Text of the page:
Pyros fire to separate the descent stage from the backshell and parachute. Suddenly lacking any means of slowing down, the spacecraft free-falls, accelerating toward the ground under Martian gravity for one heart-stopping second, speeding up from 100 to 120 meters per second. The rover will calmly descend at 20 meters per second until its terminal descent sensors tell it that it has reached an altitude of 50 meters. Then the thrusters are throttled up again to decelerate the descent at a constant rate until it's reached a rate of 0.75 meters per second; it continues this descent rate for the rest of the landing.

By the time it gets to an altitude of 21 meters, the descent stage will have burned through more than half of its 400 kilograms of fuel. If the rockets kept thrusting at a constant rate, they'd actually lift the rover upward. They have to be throttled back so much that they start to operate inefficiently. So four of the eight engines are shut down, allowing the four remaining engines to operate in a better zone (at around 50% of their full power).

First: Curiosity is huge, nearly five times the mass of Spirit or Opportunity. It's half again larger than a Viking lander. A Mars Exploration Rover weighs 185 kilograms; to get that 185 kilograms of rover safely to the ground required a protective enclosure of a lander weighing in at 348 kilograms.  Of all that 533 kilograms of landed mass, only 5 kilograms -- less than 1%! -- were science instruments.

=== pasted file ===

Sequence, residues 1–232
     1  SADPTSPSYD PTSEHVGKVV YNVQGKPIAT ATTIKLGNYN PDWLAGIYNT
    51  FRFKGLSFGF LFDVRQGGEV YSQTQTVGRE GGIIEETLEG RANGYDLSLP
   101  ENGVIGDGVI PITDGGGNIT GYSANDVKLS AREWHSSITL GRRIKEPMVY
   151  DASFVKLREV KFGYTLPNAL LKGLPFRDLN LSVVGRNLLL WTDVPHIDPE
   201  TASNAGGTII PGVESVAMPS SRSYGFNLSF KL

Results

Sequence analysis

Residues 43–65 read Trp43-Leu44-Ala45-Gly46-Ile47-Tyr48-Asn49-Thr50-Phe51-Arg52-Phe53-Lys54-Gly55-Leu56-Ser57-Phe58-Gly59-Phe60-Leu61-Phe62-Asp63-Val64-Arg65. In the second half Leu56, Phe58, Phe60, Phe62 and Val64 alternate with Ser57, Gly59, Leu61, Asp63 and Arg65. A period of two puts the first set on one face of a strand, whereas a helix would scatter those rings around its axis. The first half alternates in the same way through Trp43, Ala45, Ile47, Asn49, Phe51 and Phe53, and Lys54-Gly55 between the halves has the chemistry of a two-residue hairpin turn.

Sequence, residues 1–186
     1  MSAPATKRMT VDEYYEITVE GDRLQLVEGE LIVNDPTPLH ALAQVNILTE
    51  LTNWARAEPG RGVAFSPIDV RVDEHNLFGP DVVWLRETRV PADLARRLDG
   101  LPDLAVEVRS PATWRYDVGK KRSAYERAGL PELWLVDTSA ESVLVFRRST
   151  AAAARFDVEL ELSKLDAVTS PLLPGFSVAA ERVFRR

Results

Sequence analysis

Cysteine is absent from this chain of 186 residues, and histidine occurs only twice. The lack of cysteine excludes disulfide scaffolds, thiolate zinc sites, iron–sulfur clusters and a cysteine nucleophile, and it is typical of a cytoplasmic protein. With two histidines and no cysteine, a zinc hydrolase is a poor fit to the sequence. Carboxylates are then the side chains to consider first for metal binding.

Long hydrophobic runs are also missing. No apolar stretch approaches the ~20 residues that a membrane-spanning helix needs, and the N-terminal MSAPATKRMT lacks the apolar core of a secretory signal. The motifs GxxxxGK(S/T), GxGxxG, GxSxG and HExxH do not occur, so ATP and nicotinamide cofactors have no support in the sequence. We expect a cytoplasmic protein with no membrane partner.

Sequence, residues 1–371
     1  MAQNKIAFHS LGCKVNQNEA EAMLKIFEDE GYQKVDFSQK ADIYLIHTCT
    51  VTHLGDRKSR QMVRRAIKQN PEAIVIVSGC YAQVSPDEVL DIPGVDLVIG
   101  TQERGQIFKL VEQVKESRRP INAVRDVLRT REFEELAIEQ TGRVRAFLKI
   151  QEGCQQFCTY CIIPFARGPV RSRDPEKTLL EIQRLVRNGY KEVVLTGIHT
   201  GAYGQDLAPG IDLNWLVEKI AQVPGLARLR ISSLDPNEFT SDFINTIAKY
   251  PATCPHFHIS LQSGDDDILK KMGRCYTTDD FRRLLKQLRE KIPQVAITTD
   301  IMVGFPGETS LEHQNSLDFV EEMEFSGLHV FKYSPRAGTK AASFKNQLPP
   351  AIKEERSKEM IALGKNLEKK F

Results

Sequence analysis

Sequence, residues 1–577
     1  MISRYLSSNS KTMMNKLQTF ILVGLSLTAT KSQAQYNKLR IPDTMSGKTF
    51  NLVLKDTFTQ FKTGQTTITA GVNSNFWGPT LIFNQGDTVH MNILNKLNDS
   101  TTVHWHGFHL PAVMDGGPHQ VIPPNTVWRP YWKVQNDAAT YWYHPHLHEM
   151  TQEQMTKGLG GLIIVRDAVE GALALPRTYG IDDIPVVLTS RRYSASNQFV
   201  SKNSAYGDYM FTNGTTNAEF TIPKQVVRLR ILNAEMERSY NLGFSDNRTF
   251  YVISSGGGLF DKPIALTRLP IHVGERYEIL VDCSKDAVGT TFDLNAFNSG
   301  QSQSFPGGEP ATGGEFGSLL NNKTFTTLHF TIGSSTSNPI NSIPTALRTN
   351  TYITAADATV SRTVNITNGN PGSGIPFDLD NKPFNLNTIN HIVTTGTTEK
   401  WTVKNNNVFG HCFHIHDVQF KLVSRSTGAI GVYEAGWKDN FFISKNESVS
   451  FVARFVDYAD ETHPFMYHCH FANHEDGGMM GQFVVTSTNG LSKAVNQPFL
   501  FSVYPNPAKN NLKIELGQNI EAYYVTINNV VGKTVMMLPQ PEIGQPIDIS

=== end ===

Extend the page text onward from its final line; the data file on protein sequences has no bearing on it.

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How Curiosity Will Land on Mars, Part 3: Skycrane and Landing

There are five main steps in the skycrane maneuver: 1) separate the hard connection between the rocket-powered descent stage and the rover; 2) deploy the rover's landing gear (that is, its legs and wheels); 3) deposit the rover very gently on the surface; 4) sever the soft connection between the descent stage and the rover; and 5) fly the descent stage far away where its fuel can't do the rover and its instruments any harm, and won't contaminate the landing site.

The descent stage holds a constant altitude for 187 milliseconds, allowing time for the umbilical to be cut, then throttles up the rockets, ascending vertically at first but then pitching to 45 degrees. Free of the rover's weight, the descent stage flies off. Originally, it was going to burn to depletion; but at some point they changed that plan, commanding it instead to burn for a fixed time. Then the rockets cut off, and the descent stage (and any remaining fuel) crash at least 150 meters away.